Guest Editor’s Introduction

Smruti S. Pattanaik is Research Fellow (SS) at the Manohar Parrikar Institute for Defence Studies and Analyses, New Delhi. Click here for detailed profile
  • Share
  • Tweet
  • Email
  • Whatsapp
  • Linkedin
  • Print
  • November 2021

    The birth of Bangladesh with the surrender and humiliation of the Pakistan military to the joint India-Bangladesh forces on 16 December 1971 is one of the most extraordinary political events in the Indian subcontinent. West and East Pakistan separated by more than a 1000 miles were never destined to co-exist and the fallacy of Muslims as a ‘cohesive factor’ only proved right as Bangabandhu Sheikh Mujibur Rahman, in the wake of Islamabad dishonouring the mandate of the first-ever democratic election in Pakistan in December 1970, called for ‘ebar songram muktir songram, ebar songram swadhinatar songram’ on 7 March 1971.

    This special issue captures the essence of the liberation war and its many protagonists. It brings out personal accounts of how each contributor looked at the struggle and coped with the loss of family and friends. The issue also captures fifty years of diplomatic relations between India and Bangladesh, the road the two countries traversed and the hope of a better future.

    In the Reminiscences section, Aroma Dutta documents the contribution of her grandfather Dhirendranath Datta, who was the first to have raised the issue of recognizing Bengali as one of the national languages along with Urdu in the Constituent Assembly. His unflinching conviction of making Bengali the national language earned the wrath of the Urdu-speaking leadership of that time, that finally had him killed as well as his younger son. Gp. Capt. Shamsul Alam, describes the heroic Operation Kilo Flight that weakened the enemy positions during the War and Ian Cardozo, the Indian Army officer who valiantly fought in spite of adversity in Sylhet, documents this historical episode. Nasreen Ahmed, who worked as a newsreader, kept the world informed of the freedom struggle and the sacrifices of valiant fighters. Meghna Guhathakurta gives her personal account of the carnage at Jagannath Hall of Dhaka University and how the Pakistan Army targeted the minorities and sympathizers of the Awami League. Her struggle to survive in a hostile environment after her father was martyred, depicts the sacrifices of each one of them to unshackle the stranglehold of the Pakistani State. Lubna Marium, who was part of the Muktir Gaan troupe, accounts her version of the liberation war. Keeping the morale of the freedom fighters through their songs was extremely important. Julian Francis who was working with OXFAM when refugees began entering India, narrates his experience in the refugee camps and providing humanitarian assistance while caring for them, for which he was honoured by the Bangladesh Government. Afsan Chowdhury, an acclaimed author and researcher who has authored several books on various aspects of the liberation war, brings in what he calls ‘memories, facts and words overheard’, documenting his perspective on 1971.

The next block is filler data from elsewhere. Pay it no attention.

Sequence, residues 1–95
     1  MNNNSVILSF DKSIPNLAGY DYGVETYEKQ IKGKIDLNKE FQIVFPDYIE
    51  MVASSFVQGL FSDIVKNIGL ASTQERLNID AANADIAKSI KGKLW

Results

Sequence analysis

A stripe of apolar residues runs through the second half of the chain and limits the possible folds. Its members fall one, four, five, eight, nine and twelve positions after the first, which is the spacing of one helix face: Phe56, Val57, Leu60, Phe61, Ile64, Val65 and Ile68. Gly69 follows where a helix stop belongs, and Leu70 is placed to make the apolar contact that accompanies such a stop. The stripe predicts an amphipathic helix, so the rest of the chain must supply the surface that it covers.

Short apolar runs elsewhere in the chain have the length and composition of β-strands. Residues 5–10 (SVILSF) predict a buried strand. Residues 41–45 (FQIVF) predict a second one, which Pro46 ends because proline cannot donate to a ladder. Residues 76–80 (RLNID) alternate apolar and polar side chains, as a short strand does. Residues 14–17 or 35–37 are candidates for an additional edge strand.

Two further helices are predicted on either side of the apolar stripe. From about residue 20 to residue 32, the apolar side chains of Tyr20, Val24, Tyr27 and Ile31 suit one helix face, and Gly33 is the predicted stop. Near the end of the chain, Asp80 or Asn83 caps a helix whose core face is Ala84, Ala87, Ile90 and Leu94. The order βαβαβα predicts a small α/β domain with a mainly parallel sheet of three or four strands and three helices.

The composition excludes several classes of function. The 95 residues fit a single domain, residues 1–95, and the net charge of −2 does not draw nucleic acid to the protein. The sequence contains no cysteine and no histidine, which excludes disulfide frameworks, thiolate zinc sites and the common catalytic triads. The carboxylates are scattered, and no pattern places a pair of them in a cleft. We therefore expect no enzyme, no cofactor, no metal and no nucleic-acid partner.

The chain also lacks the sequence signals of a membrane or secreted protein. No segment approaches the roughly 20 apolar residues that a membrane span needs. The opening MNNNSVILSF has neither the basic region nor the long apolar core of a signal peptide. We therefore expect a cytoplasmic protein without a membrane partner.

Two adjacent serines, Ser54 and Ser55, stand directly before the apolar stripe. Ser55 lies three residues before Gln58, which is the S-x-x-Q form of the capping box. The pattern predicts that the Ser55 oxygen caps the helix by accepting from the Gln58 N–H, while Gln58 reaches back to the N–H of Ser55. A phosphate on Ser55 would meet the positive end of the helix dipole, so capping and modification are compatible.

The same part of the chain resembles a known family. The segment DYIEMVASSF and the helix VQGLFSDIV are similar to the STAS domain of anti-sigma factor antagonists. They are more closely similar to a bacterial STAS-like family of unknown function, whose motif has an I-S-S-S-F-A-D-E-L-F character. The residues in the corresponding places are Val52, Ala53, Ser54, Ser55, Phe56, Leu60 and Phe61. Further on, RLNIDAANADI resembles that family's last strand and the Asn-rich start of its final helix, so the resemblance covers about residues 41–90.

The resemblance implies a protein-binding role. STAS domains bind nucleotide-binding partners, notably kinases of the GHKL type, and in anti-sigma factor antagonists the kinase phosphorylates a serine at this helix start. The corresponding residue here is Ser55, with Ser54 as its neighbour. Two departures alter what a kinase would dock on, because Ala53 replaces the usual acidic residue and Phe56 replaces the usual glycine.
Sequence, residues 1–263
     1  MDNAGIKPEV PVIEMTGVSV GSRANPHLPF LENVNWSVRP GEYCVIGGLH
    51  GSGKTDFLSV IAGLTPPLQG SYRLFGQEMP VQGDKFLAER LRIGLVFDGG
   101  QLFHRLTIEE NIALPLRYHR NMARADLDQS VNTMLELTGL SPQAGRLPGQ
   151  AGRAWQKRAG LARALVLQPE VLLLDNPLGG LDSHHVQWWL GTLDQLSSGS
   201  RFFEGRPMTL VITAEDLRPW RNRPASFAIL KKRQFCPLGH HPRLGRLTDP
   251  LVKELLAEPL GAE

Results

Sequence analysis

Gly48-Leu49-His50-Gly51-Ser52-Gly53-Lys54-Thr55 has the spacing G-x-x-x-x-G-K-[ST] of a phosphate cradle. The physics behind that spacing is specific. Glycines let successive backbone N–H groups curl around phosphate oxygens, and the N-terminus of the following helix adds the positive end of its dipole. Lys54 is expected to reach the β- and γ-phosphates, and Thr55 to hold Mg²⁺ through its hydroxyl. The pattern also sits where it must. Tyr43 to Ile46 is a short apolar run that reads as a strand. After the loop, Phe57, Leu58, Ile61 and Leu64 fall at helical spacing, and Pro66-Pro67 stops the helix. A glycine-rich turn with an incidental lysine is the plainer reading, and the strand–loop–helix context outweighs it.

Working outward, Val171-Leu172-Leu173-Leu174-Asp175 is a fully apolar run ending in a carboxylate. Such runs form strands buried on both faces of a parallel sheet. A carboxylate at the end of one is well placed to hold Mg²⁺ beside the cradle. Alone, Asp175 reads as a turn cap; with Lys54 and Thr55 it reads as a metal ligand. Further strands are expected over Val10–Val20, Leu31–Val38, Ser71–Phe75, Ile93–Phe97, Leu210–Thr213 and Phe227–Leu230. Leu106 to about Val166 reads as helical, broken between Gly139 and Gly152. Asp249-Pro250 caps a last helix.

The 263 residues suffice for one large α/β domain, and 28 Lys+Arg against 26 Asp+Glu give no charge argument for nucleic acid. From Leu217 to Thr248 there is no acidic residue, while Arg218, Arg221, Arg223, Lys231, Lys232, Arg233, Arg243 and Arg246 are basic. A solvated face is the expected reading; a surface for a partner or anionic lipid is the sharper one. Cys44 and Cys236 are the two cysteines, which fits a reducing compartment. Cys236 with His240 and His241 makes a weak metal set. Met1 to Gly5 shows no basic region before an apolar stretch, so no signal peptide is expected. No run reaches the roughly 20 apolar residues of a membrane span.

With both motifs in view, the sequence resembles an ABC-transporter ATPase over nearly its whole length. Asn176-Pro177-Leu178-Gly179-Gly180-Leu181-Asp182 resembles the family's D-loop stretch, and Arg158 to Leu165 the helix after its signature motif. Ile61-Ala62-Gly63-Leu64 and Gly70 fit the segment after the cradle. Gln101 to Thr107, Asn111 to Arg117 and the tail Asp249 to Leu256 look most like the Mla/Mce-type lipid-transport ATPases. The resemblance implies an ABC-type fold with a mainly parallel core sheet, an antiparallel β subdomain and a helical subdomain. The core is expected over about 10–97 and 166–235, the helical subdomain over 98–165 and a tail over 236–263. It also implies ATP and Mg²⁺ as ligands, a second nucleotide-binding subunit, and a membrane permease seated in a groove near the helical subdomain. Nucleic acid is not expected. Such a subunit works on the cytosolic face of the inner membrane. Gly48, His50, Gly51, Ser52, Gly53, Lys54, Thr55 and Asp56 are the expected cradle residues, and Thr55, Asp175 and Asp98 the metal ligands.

Pinak Ranjan Chakravarty and Shamsher Mobin Chowdhury have looked at fifty years of diplomatic relations, documenting the ebb and flow in the India–Bangladesh relationship while reflecting on the future of the bilateral relationship. Mohammed Ayoob, who along with K. Subrahmanyam authored one of the first books on the liberation war, delves into India’s justification to get involved in the liberation war. Syed Badrul Ahsan focuses on Bangladesh’s political journey in the last ‘half a century’ and Nayanika Mookherjee analyses the politics of war-time rape through the accounts of Birangonas. Anindita Ghoshal focuses on the refugees in Tripura and the response of this border state to the War of liberation, while Urvi Mukhopadhyay examines how the newspapers published in West Bengal depicted the liberation war through cartoons. My article analyzing how the liberation war was debated in the Indian Parliament and shaped India’s response to the crisis in East Bengal, has also been included in the issue.

    The special issue also includes an interview of Tanvir Mokammel, whose films deal with the sensitive issue of Partition and liberation. The volume also includes reviews of two recently published books on Bangladesh’s liberation. The Archives section carries two important speeches—by Sheikh Mujibur Rahman on 10 January 1972 in Dhaka after reaching Bangladesh on being freed from prison, and by Indira Gandhi during her first state visit to Bangladesh on 17 March 1972.